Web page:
If you are an adoptee, welcome.
This blog is for you.
For the first thirty years of my life, I was isolated from other adoptees. Sure, I saw them from time to time, giving them the barely visible nod of recognition, but I did not engage.
Growing up, I only had one TRA friend whom I only saw at a summer camp for a week each year for about three years. But like many childhood friendships, we lost touch.
One day, when I was 30 years old, I happened across a copy of Korean Quarterly and the page I happened to open featured the story of a Korean adoptee and her family. There was something familiar about this woman – her name, the references to her father, and the coincidence that her daughter had my name (which is not very common). There was an e-mail at the bottom of the article and I wrote to this woman, hoping it was my friend from so long ago.
It was. Less than two weeks later, we were sitting in the middle of a coffee shop catching up on our lives. It was the beginning of my journey to discover who I am as a Korean American adoptee.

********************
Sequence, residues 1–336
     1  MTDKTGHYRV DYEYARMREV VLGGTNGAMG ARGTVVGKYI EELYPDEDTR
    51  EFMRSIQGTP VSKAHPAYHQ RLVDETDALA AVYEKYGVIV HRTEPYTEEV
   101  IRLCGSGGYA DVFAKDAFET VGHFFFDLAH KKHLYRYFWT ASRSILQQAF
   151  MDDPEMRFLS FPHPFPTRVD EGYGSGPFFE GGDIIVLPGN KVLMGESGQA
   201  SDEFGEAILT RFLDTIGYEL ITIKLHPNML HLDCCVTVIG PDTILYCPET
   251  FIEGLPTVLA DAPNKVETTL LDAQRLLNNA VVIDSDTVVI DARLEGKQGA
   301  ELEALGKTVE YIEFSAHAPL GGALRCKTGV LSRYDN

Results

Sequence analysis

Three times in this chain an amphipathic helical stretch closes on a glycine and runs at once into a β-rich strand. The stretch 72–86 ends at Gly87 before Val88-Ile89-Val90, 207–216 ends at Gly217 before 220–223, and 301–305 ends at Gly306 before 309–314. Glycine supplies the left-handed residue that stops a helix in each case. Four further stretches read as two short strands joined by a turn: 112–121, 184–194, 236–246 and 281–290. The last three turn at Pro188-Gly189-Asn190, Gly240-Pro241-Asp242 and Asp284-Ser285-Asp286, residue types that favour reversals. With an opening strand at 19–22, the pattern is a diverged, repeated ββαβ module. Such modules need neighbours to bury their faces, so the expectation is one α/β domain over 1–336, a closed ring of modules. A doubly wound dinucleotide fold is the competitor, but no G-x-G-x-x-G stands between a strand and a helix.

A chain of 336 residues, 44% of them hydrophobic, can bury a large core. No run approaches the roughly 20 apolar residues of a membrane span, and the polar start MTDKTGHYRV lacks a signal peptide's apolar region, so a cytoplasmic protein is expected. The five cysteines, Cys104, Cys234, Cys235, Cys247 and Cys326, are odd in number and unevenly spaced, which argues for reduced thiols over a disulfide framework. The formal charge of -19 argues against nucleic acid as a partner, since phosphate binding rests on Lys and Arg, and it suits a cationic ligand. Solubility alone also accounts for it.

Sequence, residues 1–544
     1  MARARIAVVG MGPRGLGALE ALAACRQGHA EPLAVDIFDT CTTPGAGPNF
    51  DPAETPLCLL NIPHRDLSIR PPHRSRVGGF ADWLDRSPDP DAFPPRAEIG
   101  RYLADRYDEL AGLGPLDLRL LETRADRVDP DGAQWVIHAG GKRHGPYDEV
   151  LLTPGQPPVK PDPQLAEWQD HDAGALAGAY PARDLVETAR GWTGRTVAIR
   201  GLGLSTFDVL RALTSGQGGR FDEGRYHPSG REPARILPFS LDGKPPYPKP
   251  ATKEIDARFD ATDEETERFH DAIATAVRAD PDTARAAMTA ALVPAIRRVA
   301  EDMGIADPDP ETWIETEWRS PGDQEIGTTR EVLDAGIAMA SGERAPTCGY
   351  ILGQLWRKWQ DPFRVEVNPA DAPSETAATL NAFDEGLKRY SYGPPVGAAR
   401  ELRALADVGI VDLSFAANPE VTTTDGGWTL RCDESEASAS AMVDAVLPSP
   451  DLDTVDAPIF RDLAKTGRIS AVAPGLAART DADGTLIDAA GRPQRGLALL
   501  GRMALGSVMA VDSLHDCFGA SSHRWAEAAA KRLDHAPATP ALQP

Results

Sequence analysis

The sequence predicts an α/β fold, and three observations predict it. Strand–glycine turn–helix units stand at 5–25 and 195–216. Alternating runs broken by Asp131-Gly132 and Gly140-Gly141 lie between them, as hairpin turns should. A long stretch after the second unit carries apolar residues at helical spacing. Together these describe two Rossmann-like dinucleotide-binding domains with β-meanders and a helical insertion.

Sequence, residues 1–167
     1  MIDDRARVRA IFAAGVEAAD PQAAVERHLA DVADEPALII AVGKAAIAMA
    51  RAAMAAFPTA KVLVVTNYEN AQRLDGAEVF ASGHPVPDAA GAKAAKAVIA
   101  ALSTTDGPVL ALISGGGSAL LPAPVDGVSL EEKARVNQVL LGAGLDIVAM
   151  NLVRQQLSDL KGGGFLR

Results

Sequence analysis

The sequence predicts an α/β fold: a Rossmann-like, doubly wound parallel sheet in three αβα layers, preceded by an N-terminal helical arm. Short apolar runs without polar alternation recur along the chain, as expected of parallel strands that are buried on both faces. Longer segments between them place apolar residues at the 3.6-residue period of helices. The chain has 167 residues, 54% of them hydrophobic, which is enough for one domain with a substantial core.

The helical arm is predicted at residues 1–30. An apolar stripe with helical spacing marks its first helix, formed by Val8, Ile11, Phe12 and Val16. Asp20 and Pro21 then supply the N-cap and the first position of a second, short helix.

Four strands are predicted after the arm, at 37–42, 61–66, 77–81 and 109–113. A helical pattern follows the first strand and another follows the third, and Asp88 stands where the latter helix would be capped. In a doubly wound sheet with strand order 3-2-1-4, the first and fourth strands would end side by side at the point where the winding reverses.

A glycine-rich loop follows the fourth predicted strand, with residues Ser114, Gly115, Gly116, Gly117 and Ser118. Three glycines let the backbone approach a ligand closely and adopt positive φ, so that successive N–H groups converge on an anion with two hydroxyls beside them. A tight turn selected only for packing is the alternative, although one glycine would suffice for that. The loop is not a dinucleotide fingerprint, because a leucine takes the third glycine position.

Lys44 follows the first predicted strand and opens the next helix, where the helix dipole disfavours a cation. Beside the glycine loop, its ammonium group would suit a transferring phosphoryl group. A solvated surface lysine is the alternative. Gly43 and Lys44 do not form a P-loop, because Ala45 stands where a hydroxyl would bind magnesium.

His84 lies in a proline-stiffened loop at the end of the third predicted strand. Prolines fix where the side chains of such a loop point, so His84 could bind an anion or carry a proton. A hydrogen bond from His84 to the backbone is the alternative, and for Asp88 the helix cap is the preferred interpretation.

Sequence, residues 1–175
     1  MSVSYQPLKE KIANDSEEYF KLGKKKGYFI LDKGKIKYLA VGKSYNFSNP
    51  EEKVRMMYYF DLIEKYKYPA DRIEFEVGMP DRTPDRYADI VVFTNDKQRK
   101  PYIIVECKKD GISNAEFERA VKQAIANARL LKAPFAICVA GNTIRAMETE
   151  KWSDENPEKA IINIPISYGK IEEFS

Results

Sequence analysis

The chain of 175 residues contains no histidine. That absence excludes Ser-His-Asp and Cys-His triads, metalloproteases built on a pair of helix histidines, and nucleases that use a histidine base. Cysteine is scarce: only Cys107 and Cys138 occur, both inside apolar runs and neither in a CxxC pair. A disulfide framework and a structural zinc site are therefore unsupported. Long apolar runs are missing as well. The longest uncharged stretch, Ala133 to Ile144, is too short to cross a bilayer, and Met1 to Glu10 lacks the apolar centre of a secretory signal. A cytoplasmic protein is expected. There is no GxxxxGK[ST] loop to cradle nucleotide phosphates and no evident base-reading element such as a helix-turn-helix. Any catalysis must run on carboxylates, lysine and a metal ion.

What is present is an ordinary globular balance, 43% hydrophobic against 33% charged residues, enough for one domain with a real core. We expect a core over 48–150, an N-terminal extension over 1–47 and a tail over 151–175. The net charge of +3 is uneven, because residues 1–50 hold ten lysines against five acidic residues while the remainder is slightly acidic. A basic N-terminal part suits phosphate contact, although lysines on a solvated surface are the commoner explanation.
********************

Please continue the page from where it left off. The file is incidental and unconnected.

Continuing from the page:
I write this blog for you, my fellow adoptee. I hope that the information I write about — the quirky, the touching, the outrageous — in some way informs your journey. Since that day in 1999 when I saw myself reflected in another person who had shared so many experiences with me, I knew I was not alone. One of the biggest tragedies I think many of us adoptees face is that we are so isolated. Many of us have tried for so long to “fit in” with everyone else, that it’s hard to recognize another adoptee. But I’ve come out of the closet as an outspoken TRA. And I want to find solidarity with others who have been informed by adoption.
For too long, our voices have been silenced, patronized, and told our experiences do not make us an expert in our own lives. No more. We are the authors and experts of our own lives! No one else can speak for us.